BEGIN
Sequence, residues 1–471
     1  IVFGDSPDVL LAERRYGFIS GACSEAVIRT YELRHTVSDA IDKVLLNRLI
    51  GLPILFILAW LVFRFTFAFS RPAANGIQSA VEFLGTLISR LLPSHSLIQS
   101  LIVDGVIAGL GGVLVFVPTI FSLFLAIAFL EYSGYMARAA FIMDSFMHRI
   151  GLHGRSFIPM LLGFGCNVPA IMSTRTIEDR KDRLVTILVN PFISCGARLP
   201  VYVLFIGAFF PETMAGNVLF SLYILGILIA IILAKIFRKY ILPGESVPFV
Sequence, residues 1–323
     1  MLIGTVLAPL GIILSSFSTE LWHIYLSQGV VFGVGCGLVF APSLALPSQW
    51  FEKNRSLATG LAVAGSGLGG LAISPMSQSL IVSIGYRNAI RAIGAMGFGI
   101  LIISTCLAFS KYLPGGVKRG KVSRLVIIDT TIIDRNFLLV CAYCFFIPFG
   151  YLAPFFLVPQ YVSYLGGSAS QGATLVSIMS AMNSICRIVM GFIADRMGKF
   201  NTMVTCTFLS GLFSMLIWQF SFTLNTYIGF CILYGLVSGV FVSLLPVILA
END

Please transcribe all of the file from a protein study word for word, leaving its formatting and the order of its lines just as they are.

Sequence, residues 1–471
     1  IVFGDSPDVL LAERRYGFIS GACSEAVIRT YELRHTVSDA IDKVLLNRLI
    51  GLPILFILAW LVFRFTFAFS RPAANGIQSA VEFLGTLISR LLPSHSLIQS
   101  LIVDGVIAGL GGVLVFVPTI FSLFLAIAFL EYSGYMARAA FIMDSFMHRI
   151  GLHGRSFIPM LLGFGCNVPA IMSTRTIEDR KDRLVTILVN PFISCGARLP
   201  VYVLFIGAFF PETMAGNVLF SLYILGILIA IILAKIFRKY ILPGESVPFV
Sequence, residues 1–323
     1  MLIGTVLAPL GIILSSFSTE LWHIYLSQGV VFGVGCGLVF APSLALPSQW
    51  FEKNRSLATG LAVAGSGLGG LAISPMSQSL IVSIGYRNAI RAIGAMGFGI
   101  LIISTCLAFS KYLPGGVKRG KVSRLVIIDT TIIDRNFLLV CAYCFFIPFG
   151  YLAPFFLVPQ YVSYLGGSAS QGATLVSIMS AMNSICRIVM GFIADRMGKF
   201  NTMVTCTFLS GLFSMLIWQF SFTLNTYIGF CILYGLVSGV FVSLLPVILA